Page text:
Rollerball (2002)
Review by Doc Ezra

Written by Larry Ferguson and John Pogue, based on the original screenplay and story by William Harrison
Directed by John McTiernan
Starring Chris Klein, Jean Reno, LL Cool J, and Rebecca Romijn-Stamos


Rating: R

Anamorphic: Yes.

My Advice: Rent it.

Adrenaline-junkie Jonathan Cross (Klein) is looking for his big break, hopefully in the NHL as the next Wayne Gretzky. But in the meantime, he's making his living running illegal street luge races for cash in the hills of San Francisco. When his old pal and former football teammate Marcus (LL Cool J) breezes into town driving a brand new Porsche and sporting designer duds, he manages to persuade Cross to return with him to Russia, where Marcus has become a big-ticket star in a brand-new sport, the most extreme ever, Rollerball. Unable to resist the lure of the game and the money, Cross agrees, and finds himself catapulted to stardom immediately. Fast cars, faster women, nice clothes, whatever Cross wants, he gets. And the game is demanding enough to challenge his athletic side and keep him interested. That and a secret love affair with teammate Aurora (Romijn-Stamos).

League owner Petrovich (Reno) needs ratings badly, to consolidate a North American cable deal. And nothing seems to spike the ratings like a little blood on the track. So he begins to orchestrate violent "accidents" with increasing frequency, and of escalating seriousness, and watches the ratings skyrocket. Klein gets a little wary when one of these accidents looks too deliberate, and confronts Petrovich, only to discover that he's in so far over his head he couldn't find the surface if he tried. Petrovich, a cold-blooded killer in the former Soviet regime, thinks nothing about threatening Cross's friends and teammates if he doesn't agree to play ball. All this culminates in a bloody championship game, in which Petrovich suspends all fouls and penalties, essentially ordering the other team to murder Cross on the track. But things don't go according to plan, and Cross makes a bid to lead the players in a revolt, like Spartacus on rollerblades.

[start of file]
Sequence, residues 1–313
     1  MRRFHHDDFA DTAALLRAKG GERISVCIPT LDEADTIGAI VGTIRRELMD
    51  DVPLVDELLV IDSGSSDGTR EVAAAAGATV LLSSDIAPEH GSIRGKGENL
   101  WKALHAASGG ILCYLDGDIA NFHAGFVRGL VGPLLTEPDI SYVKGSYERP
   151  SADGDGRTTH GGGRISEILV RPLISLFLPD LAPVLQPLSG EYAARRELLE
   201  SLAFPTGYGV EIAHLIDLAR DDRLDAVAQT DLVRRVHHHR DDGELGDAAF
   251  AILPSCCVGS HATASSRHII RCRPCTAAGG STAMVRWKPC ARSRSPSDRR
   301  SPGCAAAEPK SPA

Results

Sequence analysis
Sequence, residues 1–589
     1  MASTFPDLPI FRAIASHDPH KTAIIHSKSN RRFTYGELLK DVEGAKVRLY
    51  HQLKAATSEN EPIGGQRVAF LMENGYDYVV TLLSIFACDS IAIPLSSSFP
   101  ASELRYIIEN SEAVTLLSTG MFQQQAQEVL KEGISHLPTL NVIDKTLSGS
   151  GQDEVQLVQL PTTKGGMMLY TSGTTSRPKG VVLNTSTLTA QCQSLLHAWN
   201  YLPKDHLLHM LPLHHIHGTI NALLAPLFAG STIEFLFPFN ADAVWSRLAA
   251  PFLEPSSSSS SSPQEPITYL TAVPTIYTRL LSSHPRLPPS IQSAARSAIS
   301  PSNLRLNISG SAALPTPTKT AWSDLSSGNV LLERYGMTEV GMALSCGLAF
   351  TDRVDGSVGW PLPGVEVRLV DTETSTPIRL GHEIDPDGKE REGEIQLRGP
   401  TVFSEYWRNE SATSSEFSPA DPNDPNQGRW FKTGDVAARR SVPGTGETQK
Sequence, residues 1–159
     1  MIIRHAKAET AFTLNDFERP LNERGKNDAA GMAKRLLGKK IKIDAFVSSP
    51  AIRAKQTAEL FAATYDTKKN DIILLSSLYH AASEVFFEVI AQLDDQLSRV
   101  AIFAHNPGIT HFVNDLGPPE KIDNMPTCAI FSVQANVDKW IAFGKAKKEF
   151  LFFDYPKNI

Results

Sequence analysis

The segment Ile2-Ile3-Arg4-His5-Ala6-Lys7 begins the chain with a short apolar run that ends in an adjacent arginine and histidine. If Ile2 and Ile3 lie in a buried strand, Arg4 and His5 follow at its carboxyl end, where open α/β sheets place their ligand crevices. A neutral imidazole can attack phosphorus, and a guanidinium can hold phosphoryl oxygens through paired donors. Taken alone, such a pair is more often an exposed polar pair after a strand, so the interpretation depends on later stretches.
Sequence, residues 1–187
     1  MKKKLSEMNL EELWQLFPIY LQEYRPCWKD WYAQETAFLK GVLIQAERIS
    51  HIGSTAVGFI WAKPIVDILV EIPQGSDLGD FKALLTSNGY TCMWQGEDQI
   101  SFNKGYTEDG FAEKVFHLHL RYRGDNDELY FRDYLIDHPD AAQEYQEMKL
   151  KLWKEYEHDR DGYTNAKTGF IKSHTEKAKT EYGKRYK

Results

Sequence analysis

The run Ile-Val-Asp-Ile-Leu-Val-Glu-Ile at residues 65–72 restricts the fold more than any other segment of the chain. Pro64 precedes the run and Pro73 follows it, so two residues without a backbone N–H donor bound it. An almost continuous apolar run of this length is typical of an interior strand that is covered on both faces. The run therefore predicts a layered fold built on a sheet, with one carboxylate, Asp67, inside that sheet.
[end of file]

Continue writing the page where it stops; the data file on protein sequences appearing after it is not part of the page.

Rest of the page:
I must confess this new Rollerball was not nearly as bad as I had suspected. What could have been true excrement was only merely mediocre. Its weaknesses are what you might expect: namely plot and character development. Its strengths are also what you might expect, given the director's serious action-flick street cred: namely non-stop motion and over-the-top action. The games are intense, and bodies fly nearly continuously. Mixing motocross, in-line skating, rugby, and kick-boxing, rollerball is essentially an elaborate excuse to put some people in pads and skates and have them knock the crap out of each other for an hour and forty. The performances are solid, both by the leads and some of the secondary characters (Taktarov and Bryniarski are particular favorites).

For those that like action flicks, Rollerball delivers. If you're interested in understanding characters and motivations, and tightly-plotted suspense stories, you'll be horrifically disappointed. There are story holes you could drive a truck through, but since the story doesn't much matter to the progress and pace of the movie, it doesn't hurt. The makers of the film would have been better off simply dropping any of these spurious side-treks, and stuck to the main thrust of the film: Petrovich bad, Cross good, game violent, vengeance necessary. Done. As simple as it gets, but such basic plot outlines have been driving the action genre for years, good, bad, or indifferent as the individual examples might be.

The DVD presentation is solid, providing a lengthy featurette on the stunts and effects necessary to pull off the game of rollerball on screen. Hiring a handful of extreme games skaters and cyclists to round out the ranks of the league, as well as play stunt double for the lead performers, the crew found themselves with a cheap source of between-take entertainment, as the X-Gamers couldn't stop playing on the rollerball track. In addition to the stunt docu, there's a Rollerball league roster, detailing every team and every player, and an entertaining commentary track with the three leads: Klein, LL Cool J, and Romijn-Stamos. The soundtrack rocks, IMHO, so the Rob Zombie video, while non-essential, is entertaining. I'd have liked to hear somebody at least acknowledge somewhere that this was a re-make of an older film, but the standing approach by all involved in the docus and commentary is simply to ignore the fact that the first version exists at all. It's not mentioned once, as near as I can remember, in any portion of the bonus material, which I find very strange.

If you're a huge fan of McTiernan, this one might be worth owning, but otherwise I'd call it a rental. Don't go in looking for Oscar moments, and you probably won't be disappointed. In fact, if you are as afraid of this flick as I was before watching, you'll likely be mildly surprised.

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